@ThomasNRees

Comments

Ms. Wilson was not bickering with audience members. They were her friends whom she was teasing. If you got that wrong, it's quite possible you misread the entire evening. As a journalist, it's your responsibility to dig deeper. This article is superficial.

For the record, Cassandra ended the first song by adding the words "don't take photos, live in the moment" to the lyrics, and then went on to tell the audience in no uncertain terms to turn "everything electronic off". Immediately after that she had the jokey interaction with the person in the front row, telling the whole audience that this one person could still take photos because they were "special". How that isn't being disrespectful to her audience I do not know. Secondly, as we left I overheard several other audience members muttering what I had suspected throughout her short performance, namely that she had ingested substances that had adversely affected her vocal ability and made her behaviour erratic. While it is possible she had been vomiting in her hotel room, the fact the gig wasn't cancelled earlier on in the evening suggests she wasn't medically ill that night. Regardless of how she was being treated by the promoters, Cassandra owed it to her audience that night to keep herself in better shape for such a high profile performance or cancel. For that I cannot forgive her and I will never spend money on seeing her live again.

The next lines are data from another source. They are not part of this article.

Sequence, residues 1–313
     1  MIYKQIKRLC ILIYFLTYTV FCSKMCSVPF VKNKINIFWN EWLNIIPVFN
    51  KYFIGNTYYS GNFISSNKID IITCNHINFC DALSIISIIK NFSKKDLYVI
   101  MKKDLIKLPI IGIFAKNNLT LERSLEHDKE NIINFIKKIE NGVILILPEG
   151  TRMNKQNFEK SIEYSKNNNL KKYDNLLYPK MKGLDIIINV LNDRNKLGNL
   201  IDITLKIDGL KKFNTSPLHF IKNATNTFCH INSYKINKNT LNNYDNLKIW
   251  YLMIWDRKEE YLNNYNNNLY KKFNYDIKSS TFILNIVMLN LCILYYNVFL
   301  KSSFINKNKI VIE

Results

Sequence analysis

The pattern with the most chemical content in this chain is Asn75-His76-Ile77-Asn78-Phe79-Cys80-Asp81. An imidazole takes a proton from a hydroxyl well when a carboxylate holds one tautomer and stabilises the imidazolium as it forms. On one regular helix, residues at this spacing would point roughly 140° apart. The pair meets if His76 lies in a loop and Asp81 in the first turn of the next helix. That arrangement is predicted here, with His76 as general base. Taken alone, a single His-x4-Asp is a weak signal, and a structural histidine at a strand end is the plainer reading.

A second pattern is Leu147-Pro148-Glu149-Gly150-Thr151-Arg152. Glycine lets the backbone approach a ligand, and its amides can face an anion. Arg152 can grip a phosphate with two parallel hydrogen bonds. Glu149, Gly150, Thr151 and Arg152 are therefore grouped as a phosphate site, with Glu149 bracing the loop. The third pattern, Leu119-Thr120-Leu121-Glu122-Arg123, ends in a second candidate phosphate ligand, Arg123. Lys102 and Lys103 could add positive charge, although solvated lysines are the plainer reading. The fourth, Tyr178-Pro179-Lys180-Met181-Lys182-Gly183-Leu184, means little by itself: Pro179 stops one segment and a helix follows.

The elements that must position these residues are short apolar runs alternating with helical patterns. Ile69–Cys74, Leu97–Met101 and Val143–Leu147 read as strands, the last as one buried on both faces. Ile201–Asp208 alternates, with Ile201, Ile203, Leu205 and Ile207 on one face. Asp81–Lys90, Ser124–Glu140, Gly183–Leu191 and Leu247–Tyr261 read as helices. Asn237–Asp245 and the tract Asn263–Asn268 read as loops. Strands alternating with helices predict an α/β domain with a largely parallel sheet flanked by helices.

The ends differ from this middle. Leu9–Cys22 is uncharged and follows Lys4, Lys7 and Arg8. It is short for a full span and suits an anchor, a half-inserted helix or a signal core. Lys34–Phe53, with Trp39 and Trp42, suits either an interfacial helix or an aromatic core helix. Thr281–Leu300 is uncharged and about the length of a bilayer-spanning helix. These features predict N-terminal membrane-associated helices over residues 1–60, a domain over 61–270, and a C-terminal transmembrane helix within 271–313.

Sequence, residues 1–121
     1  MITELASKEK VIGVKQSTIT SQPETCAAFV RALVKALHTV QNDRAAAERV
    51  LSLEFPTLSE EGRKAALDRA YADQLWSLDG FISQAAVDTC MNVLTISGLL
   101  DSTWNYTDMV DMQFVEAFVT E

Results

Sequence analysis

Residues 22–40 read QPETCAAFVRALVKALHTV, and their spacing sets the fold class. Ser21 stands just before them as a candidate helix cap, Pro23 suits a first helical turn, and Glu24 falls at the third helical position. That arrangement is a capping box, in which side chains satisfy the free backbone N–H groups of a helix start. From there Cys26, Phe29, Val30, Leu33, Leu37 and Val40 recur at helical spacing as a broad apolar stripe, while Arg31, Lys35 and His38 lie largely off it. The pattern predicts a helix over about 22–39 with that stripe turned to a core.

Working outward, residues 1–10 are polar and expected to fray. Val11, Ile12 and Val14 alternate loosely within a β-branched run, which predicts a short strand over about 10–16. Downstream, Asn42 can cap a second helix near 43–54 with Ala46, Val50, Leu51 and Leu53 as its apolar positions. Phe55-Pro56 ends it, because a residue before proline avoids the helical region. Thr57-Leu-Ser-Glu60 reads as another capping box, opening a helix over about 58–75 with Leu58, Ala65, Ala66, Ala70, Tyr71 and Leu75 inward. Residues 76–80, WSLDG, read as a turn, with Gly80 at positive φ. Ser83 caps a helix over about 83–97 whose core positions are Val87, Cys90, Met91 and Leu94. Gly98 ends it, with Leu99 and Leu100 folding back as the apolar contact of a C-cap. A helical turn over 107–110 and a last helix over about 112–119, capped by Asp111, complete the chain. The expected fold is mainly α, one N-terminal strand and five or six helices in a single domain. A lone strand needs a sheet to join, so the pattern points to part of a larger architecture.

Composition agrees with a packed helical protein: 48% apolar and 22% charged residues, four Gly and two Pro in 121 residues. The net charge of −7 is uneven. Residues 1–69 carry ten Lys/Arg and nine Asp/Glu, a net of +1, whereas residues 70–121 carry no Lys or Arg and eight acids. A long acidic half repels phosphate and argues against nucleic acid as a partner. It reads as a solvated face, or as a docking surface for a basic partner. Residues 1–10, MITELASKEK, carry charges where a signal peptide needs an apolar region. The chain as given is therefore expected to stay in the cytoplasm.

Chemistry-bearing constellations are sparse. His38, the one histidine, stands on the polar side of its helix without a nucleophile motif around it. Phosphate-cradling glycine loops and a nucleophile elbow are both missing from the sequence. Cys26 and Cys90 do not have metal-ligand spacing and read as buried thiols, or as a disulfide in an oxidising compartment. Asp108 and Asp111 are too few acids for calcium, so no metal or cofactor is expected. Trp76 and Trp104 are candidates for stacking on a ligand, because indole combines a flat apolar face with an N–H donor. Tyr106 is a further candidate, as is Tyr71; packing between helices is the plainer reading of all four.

I agree with the comments here entirely. Ms. Wilson treated her audience with contempt that night, and fully deserves the backlash. Her attempt at justifying her behaviour neither explained her behaviour, or excused it. Everyone is being offered a refund, whether they stayed on not, which suggests that if anyone was in breach of contract, it was her.

What a strange coincidence! "Dig deeper " is exactly the same phrase a member of her management team used when sending me a snooty personal message on Facebook. Surely they don't think that sending PM's to members of the public who have had the temerity to comment on this story, and leaving anonymous comments on unfavourable reviews is a professional way to go about damage limitation, do they?

Afraid of depth? I'm sure there's a pill for that.

Thanks for your comments. I'm inclined to be sympathetic I have to say. She seemed unwell. It would have been better to call off the gig, even at the last minute. Yes, a lot of people would have been disappointed, but it would have avoided all of this mess.

The fact is that she walked off with all the money (which she claimed she had not been paid) leaving the festival and the hall with a huge bill for refunds. She then blamed everyone but herself. She cannot be sued for breach of contract or slander because she lives in the States. Who would have guessed she was going to be such a bad trip? She shames Billy Holiday, who was a true professional.